Die Writing

Farce remix – How does your garden grow?

Posted in Uncategorized by erdaron on February 22, 2012

Aside

This is a long piece, so more explanation. This is an absurd, farce version of Agatha Christie’s How Does Your Garden Grow? This is a short story about the great Poirot. You should probably read the original before reading this. If you ever find yourself in a conversation with me and I suddenly begin to giggle for no reason, it’s probably because my mind has turned our exchange into something like this.

This all really started when I realized that one of the characters was such an incompetent liar he came off completely insane, simply blurting out surreal give-away statements.

Grrreat blow!

Hercule Poirot handled an oversize hunting knife in one hand and his mustache in the other. Growling, he kept stabbing at a pile of letters in front of him.

Patience! Nous allons arriver!” He exclaimed when one of the letters finally got caught on the serrated blade. A mixture of confetti, candy, dried flowers, and pieces of paper with words and phrases on them spilled out of the ruined envelope. In no particular order, the messages comprised the following list:

  • Recommended
  • Private and confidential
  • Hushed up
  • Circumstances (accompanied by a crude drawing of a squirrel)
  • A cut-out pictures of Poirot and some old lady, superposed in a way suggesting kissing.
  • Rosebank, Charmen’s Green

At ten o’clock precisely, and with a mouth full of hard caramel, Poirot burst into his secretary’s room. Miss Lemon, a demented hag confined to a wheel chair and always packing several loaded pistols, was sleeping.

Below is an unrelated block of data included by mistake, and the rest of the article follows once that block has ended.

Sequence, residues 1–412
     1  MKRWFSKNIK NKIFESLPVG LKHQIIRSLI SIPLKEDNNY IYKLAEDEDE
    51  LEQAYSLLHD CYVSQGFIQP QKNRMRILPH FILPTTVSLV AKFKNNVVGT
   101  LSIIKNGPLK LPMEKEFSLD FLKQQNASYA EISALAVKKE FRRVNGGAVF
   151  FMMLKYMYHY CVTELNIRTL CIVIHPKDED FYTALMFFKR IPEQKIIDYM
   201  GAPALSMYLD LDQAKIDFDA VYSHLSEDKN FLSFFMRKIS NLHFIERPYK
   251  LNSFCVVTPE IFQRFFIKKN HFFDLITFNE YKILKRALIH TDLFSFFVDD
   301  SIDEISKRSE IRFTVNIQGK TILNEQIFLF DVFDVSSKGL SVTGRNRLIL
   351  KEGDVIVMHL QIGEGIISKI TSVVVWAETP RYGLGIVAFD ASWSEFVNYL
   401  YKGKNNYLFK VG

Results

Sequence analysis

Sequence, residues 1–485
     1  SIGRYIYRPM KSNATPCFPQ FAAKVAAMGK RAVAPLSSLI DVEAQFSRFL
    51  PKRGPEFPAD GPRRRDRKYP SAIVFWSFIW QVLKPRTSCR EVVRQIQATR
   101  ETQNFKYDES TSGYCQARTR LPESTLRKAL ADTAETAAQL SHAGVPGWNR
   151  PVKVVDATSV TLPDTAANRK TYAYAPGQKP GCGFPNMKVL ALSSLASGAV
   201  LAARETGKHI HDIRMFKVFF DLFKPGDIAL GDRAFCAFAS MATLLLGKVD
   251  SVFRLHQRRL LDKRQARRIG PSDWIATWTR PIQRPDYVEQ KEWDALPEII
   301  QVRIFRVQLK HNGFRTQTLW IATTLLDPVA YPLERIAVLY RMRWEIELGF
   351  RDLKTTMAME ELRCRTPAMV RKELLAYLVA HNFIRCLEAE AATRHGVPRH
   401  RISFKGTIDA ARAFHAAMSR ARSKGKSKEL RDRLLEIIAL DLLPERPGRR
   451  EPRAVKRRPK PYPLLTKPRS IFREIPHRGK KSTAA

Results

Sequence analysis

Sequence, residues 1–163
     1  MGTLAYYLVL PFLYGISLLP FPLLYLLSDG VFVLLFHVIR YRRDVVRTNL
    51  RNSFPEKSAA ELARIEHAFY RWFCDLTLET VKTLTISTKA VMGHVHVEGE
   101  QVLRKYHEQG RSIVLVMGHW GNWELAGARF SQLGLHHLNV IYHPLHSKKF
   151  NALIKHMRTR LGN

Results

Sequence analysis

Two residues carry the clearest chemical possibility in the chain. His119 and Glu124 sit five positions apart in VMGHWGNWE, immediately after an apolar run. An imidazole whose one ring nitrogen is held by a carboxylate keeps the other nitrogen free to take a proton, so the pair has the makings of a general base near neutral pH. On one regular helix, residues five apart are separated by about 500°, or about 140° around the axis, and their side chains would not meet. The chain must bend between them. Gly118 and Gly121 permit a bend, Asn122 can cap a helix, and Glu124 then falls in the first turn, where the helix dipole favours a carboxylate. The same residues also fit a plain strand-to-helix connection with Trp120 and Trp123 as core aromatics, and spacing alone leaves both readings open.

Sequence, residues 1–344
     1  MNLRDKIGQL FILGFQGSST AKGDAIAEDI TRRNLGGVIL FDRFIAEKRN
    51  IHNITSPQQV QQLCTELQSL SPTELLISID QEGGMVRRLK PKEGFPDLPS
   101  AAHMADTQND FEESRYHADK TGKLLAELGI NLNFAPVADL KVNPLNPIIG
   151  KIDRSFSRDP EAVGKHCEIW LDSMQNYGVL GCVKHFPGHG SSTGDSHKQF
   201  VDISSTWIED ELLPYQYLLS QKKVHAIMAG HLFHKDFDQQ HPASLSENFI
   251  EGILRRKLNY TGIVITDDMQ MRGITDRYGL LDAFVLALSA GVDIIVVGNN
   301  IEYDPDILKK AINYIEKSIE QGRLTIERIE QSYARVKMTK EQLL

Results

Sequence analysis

“A case!  Private and confidential! Werther’s!” Poirot was shouting incoherently. Startled, Miss Lemon unloaded one of her pistols into a wall. Being almost completely blind, she could not aim and simply shot off at random.

“Soft soap! Purr purr!” She screeched like mad harpy.

Never the one to test his luck by giving Miss Lemon another opportunity, Poirot plunged through a window and ran off toward Charman’s Green. Despite his short stature, the great detective possessed the speed and the health of a horse and made along at a good clip.

Arriving at the Rosebank, the great detective stationed himself near a bush, munching on its leaves and observing the house. He was covered in spittle and dirt from the road, yet his mustache remained regal and proper. His continental sense of propriety was unshakeable. While he was waiting, he began to quietly sing,

Mistress Mary, quite contrary,

How does your garden grow?

With cockle-shells, and silver bells,

And pretty maids all in a row.

Drawn to his enchanting voice, a young maid appeared from the brush. However, once she caught the sight of Poirot, she exclaimed in terror,

“You’ve come for the dead!” Then promptly disappeared back into the bushes.

“Come back, blue eyes!” Pleaded Poirot and launched himself into the bushes after the pretty little maid, but she was nowhere to be found. Even Poirot’s unmatched intellectual talents could not rival her many years of experience scurrying through shrubbery. Giving up the search, he wandered into the house where he encountered a small, sullen, sallow girl that stared at him uncomfortably.

“Why have you come?” She inquired sternly.

“Candy?” Poirot continued to plead and, pouting, produced a handful of empty wrappers.

“Are you a lawyer?”

The two have arrived at an intellectual impasse.

“Katrina!” The mistress of the house arrived atop a great white horse. Henry the husband followed, occasionally yelping “Ruskies!” and biting furniture.

“Aunt Amelia is dead!” The mistress announced. “Long live Aunt Amelia!”